The Silver Lining of Getting Diagnosed with Breast Cancer at 34

When I tell people I’ve been diagnosed with breast cancer, the reaction is usually something like, “how awful! You’re so young!” And on that point, I can totally agree. However, I am also incredibly, incredibly lucky. When it comes to getting breast cancer, I’m blessed to have been diagnosed when I did and how I did.

And throughout this experience, that’s what I’m choosing to focus on.

Because of my family history, I pushed to get early screenings. I have good health insurance and a doctor, so I was able to ask for this. I have the money to pay for the MRI, diagnostic mammogram, ultrasound, and biopsies. This is a privilege I will never, ever take for granted. And because of this privilege, my first breast MRI found my cancer when it’s most likely in its beginning stages. Had I not had access to early screenings, this 5 inch area would have grown until I developed other symptoms: a lump, a dimple, who knows. It could have taken years, and by then, it might have been too late.

Yes, I am 34. But because I am 34, I still have my parents. My mom will use her nursing background to handle all my post-surgery “gross stuff.” (Thanks Mom.) Both my parents have and will be with me the entire time.

Because I am 34, I have an incredible partner. This time last year, I found one of the most amazing men I’ve ever met, and I am so thankful to have him by my side. What if I had a different partner, one who wasn’t a total rock? I have never doubted his commitment and desire to support me, and for that I am so grateful. I don’t have enough words for how grateful.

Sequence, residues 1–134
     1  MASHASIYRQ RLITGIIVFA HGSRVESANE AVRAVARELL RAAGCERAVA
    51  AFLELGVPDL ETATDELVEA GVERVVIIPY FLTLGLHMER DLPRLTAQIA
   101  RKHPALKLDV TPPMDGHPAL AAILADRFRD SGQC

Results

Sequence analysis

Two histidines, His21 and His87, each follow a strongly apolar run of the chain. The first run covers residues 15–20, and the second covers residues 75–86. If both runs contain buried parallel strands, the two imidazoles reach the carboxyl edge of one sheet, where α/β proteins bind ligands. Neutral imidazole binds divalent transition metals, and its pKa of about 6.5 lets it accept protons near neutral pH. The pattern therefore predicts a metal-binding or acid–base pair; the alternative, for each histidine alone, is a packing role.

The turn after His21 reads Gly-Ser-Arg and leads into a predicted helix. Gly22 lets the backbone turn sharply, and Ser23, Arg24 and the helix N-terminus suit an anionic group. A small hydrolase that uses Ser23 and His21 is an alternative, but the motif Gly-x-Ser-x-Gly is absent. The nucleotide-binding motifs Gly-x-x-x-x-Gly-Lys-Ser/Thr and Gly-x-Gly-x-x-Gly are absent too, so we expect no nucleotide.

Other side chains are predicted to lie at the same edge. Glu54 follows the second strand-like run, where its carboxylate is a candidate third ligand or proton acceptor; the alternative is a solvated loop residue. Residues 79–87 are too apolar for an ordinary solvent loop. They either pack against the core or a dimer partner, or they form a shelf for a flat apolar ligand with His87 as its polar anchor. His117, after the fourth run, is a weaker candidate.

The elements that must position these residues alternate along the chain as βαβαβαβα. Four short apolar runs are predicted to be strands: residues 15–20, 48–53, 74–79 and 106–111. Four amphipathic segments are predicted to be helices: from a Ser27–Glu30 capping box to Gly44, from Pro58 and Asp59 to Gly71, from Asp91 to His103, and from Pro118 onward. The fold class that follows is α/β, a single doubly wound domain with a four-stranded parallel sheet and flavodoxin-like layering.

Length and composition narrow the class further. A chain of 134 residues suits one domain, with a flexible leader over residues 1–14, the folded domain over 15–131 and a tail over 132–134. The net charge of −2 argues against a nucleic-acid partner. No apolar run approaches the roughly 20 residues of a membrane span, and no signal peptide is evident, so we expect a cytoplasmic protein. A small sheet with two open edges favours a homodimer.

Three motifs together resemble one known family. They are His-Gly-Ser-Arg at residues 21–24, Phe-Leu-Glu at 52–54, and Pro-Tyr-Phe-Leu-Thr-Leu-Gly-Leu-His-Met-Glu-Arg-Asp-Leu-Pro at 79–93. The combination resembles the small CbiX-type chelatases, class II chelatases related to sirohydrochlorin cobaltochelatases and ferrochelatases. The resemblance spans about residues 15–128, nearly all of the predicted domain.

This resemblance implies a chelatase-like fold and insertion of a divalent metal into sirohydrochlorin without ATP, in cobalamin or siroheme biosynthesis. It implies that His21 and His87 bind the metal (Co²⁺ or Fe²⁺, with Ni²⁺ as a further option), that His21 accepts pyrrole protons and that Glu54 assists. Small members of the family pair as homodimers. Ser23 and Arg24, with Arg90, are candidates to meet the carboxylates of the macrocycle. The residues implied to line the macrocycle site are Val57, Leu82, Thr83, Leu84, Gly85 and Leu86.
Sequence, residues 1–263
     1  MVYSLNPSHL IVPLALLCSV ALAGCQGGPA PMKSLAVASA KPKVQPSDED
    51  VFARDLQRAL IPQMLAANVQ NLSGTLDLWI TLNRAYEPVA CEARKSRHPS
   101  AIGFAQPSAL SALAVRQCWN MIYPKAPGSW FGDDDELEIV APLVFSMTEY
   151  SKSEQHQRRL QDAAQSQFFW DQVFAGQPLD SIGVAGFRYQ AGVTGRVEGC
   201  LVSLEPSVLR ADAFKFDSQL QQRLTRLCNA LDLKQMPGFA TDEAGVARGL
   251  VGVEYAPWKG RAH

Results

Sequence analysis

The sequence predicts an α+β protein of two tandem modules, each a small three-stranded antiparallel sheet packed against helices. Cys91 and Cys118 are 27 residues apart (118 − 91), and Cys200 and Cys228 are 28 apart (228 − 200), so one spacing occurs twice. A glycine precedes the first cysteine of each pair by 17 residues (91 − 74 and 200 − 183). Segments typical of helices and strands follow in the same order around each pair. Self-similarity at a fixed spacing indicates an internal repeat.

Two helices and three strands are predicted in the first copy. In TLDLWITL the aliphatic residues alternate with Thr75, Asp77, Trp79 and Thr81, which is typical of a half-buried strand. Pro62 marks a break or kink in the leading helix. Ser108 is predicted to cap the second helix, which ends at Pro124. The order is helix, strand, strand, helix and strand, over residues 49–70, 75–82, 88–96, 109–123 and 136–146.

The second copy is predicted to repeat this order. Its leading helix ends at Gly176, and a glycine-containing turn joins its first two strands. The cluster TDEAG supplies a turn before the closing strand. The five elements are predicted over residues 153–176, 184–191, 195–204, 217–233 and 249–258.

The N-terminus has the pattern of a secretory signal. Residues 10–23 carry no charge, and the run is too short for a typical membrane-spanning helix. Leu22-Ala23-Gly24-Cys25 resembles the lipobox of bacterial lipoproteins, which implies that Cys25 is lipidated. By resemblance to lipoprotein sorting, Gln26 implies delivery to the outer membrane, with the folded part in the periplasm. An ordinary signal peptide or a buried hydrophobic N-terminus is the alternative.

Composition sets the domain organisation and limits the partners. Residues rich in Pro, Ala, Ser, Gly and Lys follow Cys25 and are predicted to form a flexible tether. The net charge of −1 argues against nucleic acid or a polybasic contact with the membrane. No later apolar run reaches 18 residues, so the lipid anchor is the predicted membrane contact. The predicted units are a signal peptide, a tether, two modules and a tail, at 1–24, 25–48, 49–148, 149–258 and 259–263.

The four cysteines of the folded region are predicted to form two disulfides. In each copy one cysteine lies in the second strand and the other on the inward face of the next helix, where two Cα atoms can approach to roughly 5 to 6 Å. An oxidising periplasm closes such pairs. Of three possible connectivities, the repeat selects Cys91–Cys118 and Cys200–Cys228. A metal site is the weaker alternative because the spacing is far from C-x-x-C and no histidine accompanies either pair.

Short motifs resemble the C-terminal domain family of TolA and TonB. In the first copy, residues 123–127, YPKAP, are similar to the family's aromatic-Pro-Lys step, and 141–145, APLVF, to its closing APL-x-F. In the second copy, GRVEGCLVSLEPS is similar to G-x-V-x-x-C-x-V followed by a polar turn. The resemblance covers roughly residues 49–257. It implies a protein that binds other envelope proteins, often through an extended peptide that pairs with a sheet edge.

Because I am 34, I have an excellent job working for a company that has been supportive from Day 1. The day I was diagnosed, the CEO of Red Tricycle brought me a huge bag of food and flowers, and she has continued to support me and relieve my worries since. What if I’d been diagnosed while I was freelancing? Or if I worked for someone who cared less or was less kind? What if I had a new job, and I hadn’t established myself as a loyal, hard worker?

Because I’m 34, I have a solid group of friends who I have become very close to. These friends have brought me joy when I was feeling down, made my daughter’s birthday more special, made me dinner, snuck breakfast parfaits into my fridge, made phone calls to doctors on my behalf, and lent an ear any time I needed it. They are my tribe.

Because I am 34, I am healthy and will recover more easily than if I were older.

For the record, “a free boob job” or “perky boobs for the rest of my life” are not silver linings of this diagnosis. That’s like saying a prothesis is a “perk” of having a leg amputated. I will never have sensation in my breasts again. A part of my body that used to be for my enjoyment and for nursing my children will soon serve the sole purpose of making my body look “normal” to others.

That is a major loss, not one of the perks. But because I am privileged, and because I was persistent, that is the price I will pay to live. And for that, I am eternally grateful.

 

The flowers in the featured photo were a gift from a family that cares a lot about Bear and gave us the most thoughtful gifts. They also run a really cool tour agency in San Francisco featuring vintage VW buses with eyelashes.

4 thoughts on “The Silver Lining of Getting Diagnosed with Breast Cancer at 34

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